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Mission Trip Packing List: How to Come Prepared

After you've completed your fundraising, you can move on to packing for your mission trip, which can also seem like a never-ending task.

By Kate Ruddell | Jun 14, 2019, 08:00 AM

After you've completed your fundraising, you can move on to packing for your mission trip, which can also seem like a never-ending task. I recently spent a week on a corporate service trip where we helped build a school in Guatemala with School the World, a non-profit organization focused on providing quality education for children in rural areas of Central America.

Based on my trip, here are some of my top suggestions for what to pack for your volunteer trip:

  • Old T-Shirts and Pants – visit goodwill or garage sales before you leave. I ordered several moisture-wicking shirts, which kept me cool, but I also ruined them within the first wear. Our trip was very hands-on, so consider what you will be doing on your trip. We built a school with our bare hands, so I was covered in paint and cement for most of the trip. Also, pack an extra day of working clothes. We ended up having more work to finish than anticipated and most of us were out of clean clothes by the end of the week.

  • Water Bottle with Filter – Our trip was in a remote area of Guatemala, so we were advised to not drink the water for safety reasons. Prior to leaving for Guatemala, I bought a water bottle with a built-in filter and it was well worth the investment. I found mine online for under $10. Bottled water on-site was more expensive than sports drinks and sodas. If you're working in extreme heat, you'd most likely rather have the water anyways. Lucky for us, our group also provided jugs of filtered water, which was greatly appreciated.

  • First Aid Kit – Inevitably, someone in your group will need a band aid or medication. Dramamine went like hot cakes in our group. We were not prepared for the long commute through the mountains and bumpy roads. You can pick up tiny first aid kits usually in the toiletries section of your local grocery store before you head out for your trip.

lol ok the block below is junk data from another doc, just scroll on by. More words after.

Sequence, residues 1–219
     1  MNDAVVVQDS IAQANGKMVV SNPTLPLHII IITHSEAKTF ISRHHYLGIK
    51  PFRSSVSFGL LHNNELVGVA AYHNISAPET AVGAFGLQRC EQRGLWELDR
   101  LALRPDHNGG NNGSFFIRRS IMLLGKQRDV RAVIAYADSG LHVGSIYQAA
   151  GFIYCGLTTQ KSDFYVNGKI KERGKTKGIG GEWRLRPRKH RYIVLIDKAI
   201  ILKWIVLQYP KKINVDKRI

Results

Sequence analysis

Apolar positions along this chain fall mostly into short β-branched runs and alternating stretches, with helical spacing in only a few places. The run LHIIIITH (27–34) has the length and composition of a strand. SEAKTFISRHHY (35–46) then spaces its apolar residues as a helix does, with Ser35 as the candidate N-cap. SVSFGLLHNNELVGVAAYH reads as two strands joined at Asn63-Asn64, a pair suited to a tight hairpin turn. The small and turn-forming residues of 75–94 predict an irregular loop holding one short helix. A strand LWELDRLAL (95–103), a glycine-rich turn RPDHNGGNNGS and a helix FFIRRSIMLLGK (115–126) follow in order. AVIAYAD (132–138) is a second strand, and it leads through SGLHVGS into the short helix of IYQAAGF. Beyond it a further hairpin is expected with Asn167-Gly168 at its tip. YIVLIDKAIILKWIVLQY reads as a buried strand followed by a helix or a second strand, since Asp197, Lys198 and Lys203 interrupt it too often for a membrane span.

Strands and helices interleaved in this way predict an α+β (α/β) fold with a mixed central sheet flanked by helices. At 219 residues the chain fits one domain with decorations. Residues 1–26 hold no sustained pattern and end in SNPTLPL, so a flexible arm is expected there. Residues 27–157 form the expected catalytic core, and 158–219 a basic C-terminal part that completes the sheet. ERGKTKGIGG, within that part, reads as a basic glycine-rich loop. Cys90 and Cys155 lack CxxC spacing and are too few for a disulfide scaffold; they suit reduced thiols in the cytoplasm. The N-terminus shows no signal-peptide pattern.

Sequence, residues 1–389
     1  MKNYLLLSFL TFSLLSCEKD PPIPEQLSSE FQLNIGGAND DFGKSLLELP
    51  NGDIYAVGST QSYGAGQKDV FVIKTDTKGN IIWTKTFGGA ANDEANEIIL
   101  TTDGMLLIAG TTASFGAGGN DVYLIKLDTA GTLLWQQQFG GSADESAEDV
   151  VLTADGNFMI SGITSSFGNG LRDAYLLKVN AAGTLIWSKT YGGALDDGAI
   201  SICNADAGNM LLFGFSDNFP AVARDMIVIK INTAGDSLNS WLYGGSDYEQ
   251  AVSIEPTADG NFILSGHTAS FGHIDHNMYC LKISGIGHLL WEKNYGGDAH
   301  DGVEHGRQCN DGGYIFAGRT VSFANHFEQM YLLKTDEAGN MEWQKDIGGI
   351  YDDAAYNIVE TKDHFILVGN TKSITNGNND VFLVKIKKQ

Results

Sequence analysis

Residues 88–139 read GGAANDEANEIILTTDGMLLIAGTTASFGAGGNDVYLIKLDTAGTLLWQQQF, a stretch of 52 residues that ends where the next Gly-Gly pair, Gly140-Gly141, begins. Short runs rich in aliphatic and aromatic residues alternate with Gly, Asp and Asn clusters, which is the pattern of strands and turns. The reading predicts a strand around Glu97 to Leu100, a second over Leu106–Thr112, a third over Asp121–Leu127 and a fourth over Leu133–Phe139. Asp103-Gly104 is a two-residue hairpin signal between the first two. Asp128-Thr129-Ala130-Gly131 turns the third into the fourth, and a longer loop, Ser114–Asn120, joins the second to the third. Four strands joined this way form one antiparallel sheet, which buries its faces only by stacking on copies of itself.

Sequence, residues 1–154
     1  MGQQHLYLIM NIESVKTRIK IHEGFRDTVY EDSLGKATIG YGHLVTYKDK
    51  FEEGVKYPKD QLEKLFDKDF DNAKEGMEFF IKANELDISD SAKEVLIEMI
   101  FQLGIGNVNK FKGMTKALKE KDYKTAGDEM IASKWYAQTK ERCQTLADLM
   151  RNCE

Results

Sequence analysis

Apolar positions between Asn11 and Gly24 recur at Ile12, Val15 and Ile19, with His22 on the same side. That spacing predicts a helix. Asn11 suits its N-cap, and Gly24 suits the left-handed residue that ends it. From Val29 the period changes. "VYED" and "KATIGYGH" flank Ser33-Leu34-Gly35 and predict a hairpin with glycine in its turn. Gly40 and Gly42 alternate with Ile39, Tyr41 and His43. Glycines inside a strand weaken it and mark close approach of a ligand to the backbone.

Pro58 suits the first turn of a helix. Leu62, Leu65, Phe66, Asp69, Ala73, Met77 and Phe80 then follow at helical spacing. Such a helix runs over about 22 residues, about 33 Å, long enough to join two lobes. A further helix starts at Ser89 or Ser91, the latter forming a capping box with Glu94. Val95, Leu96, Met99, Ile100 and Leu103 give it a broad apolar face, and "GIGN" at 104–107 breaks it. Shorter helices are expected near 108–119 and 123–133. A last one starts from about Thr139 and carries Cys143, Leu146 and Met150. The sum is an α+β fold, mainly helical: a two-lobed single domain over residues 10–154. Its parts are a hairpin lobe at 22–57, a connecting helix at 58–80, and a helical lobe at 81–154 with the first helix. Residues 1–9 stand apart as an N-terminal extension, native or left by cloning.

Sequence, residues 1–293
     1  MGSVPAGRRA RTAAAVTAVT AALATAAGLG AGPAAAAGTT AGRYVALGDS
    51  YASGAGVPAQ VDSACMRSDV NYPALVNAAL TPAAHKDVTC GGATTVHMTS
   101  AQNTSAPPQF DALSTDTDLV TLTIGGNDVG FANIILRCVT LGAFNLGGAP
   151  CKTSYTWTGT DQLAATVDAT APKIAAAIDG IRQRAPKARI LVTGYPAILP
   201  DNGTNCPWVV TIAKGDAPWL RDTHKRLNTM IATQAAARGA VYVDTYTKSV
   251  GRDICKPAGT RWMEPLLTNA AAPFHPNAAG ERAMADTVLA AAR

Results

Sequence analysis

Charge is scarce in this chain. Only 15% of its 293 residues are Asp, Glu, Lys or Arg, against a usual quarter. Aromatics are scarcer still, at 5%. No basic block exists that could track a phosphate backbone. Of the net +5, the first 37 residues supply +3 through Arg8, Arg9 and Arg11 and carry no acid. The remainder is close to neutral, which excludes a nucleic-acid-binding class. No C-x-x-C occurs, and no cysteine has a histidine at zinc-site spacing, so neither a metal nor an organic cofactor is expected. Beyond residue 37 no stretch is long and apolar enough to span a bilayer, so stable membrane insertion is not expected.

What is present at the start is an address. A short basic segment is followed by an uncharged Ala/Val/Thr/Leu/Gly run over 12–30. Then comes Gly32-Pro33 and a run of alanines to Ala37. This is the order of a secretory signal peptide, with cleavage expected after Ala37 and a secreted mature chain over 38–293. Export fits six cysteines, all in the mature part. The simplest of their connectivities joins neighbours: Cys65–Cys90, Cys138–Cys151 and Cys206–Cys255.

• Bandanna – We were in an extremely dusty and dry area, so when the dust kicked up, it was difficult to breathe. Our bandannas protected our faces from the dust, which was something I hadn't planned on when packing for the trip. If you want to take it a step further, pick up a box of masks from your local home construction store.

  • One-And-Done Baby Wipes – You will want these. The towns we traveled to did not allow toilet paper in the toilets.

  • Hat – Make sure to bring a hat or visor, even if you rarely wear them. There was not much shade as we built the school, and our hats protected our faces and helped to keep us cool. If I could do it again, I’d buy one of those hats with the flaps on the back to protect my neck as well. Even with sunscreen, I had a serious sunburn.

  • Snacks – You may not enjoy the food at your destination, and that’s OK! Bring non-perishable snacks such as crackers, cookies, chips, etc.

  • Gifts for the Kids – Check with your group coordinator before bringing any gifts. Our group was encouraged to bring toys and school supplies for the children at the school. Here are some ideas that were popular with the kids:

    • Flying Discs
    • Bubbles
    • Soccer Balls
    • Stickers
  • Gifts for the Community – Again, check with your group coordinator, but we were invited to see how the community members live. As a token of our appreciation, we were encouraged to bring a housewarming gift from the following list:

    • Wooden utensils
    • Hand crank flash light
    • Blankets
    • Pots
    • Bowls
    • Towels
    • Trinkets from your hometown (e.g., snow globe, salt water taffy, etc.)
  • Comfortable Shoes – this is not the time to break in new hiking boots. Make sure you bring old, comfortable working shoes that you aren’t afraid to get dirty.

  • Antibacterial Soap – This was very handy especially around lunch and snack times.

  • Travel Medical Insurance – Check with your group coordinator to see if you have coverage before leaving for your trip. I purchase travel medical insurance anytime I travel internationally. It’s especially important to make sure your health is protected when traveling to remote areas of the world. IMG offers several plan options if you or your group needs travel medical insurance during your mission trip.

I hope this list helps you plan for your next mission or volunteer trip. My experience was truly a once in a lifetime opportunity that I will never forget.

If you are interested in learning more about School the World, check out their website for more information.

Mission Trip Packing List - Pinterest

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